Assessing the Predictive Power of Online Social Media to Analyze COVID-19 Outbreaks in the 50 U.S. States
Author(s)Sun, Jiachen; Gloor, Peter A.
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As the coronavirus disease 2019 (COVID-19) continues to rage worldwide, the United States has become the most affected country, with more than 34.1 million total confirmed cases up to 1 June 2021. In this work, we investigate correlations between online social media and Internet search for the COVID-19 pandemic among 50 U.S. states. By collecting the state-level daily trends through both Twitter and Google Trends, we observe a high but state-different lag correlation with the number of daily confirmed cases. We further find that the accuracy measured by the correlation coefficient is positively correlated to a state’s demographic, air traffic volume and GDP development. Most importantly, we show that a state’s early infection rate is negatively correlated with the lag to the previous peak in Internet searches and tweeting about COVID-19, indicating that earlier collective awareness on Twitter/Google correlates with a lower infection rate. Lastly, we demonstrate that correlations between online social media and search trends are sensitive to time, mainly due to the attention shifting of the public.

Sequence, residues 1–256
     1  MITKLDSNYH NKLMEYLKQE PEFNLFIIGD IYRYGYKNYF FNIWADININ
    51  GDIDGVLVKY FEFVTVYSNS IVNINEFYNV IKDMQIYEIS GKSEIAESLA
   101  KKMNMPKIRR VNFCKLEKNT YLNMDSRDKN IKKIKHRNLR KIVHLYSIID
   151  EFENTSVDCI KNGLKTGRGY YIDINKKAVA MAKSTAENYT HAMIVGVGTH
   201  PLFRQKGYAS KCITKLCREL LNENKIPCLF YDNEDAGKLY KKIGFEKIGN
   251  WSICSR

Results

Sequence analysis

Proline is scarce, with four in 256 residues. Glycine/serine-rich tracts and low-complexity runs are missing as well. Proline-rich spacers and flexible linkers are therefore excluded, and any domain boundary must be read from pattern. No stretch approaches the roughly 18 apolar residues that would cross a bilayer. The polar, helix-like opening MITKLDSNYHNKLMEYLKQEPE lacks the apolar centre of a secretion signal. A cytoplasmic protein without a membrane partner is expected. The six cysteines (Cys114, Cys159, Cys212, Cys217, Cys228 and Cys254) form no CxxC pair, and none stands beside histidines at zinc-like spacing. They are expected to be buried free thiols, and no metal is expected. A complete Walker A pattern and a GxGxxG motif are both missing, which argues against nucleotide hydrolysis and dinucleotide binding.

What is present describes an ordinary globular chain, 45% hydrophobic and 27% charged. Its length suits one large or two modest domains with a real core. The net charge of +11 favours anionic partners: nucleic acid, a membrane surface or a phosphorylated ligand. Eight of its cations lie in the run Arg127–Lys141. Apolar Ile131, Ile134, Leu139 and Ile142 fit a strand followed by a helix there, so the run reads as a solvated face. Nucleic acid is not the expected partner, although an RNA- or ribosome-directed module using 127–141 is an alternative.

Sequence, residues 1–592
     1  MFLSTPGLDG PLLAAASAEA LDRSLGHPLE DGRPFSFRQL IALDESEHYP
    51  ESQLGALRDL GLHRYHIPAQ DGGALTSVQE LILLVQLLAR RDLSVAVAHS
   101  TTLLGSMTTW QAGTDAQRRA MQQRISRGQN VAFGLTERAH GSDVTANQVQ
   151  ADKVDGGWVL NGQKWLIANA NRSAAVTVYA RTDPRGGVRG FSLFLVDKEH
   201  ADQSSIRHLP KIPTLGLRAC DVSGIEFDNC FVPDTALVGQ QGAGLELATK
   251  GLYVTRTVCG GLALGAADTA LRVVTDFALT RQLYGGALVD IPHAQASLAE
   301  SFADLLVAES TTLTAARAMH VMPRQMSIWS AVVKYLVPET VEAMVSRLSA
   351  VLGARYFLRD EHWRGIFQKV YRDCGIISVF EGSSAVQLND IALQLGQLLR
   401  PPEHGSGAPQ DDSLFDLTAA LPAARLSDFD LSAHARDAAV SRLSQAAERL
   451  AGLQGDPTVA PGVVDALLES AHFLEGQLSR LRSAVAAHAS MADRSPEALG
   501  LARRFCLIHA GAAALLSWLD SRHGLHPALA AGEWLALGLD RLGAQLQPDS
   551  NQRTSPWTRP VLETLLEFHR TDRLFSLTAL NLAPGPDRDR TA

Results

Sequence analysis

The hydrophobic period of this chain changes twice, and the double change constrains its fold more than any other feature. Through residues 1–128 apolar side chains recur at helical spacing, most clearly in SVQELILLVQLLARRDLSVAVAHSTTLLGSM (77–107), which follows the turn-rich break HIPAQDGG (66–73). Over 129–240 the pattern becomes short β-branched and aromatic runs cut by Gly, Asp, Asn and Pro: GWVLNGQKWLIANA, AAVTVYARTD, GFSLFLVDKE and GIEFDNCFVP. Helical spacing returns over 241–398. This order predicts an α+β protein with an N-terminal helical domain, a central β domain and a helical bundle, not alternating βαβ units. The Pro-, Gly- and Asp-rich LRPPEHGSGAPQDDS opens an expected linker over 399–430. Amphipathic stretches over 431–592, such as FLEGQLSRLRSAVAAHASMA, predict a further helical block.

DepartmentMassachusetts Institute of Technology. Center for Collective Intelligence
Multidisciplinary Digital Publishing Institute
Sun, Jiachen and Peter A. Gloor. "Assessing the Predictive Power of Online Social Media to Analyze COVID-19 Outbreaks in the 50 U.S. States." Future Internet 13, 7 (July 2021): 184. © 2021 The Authors
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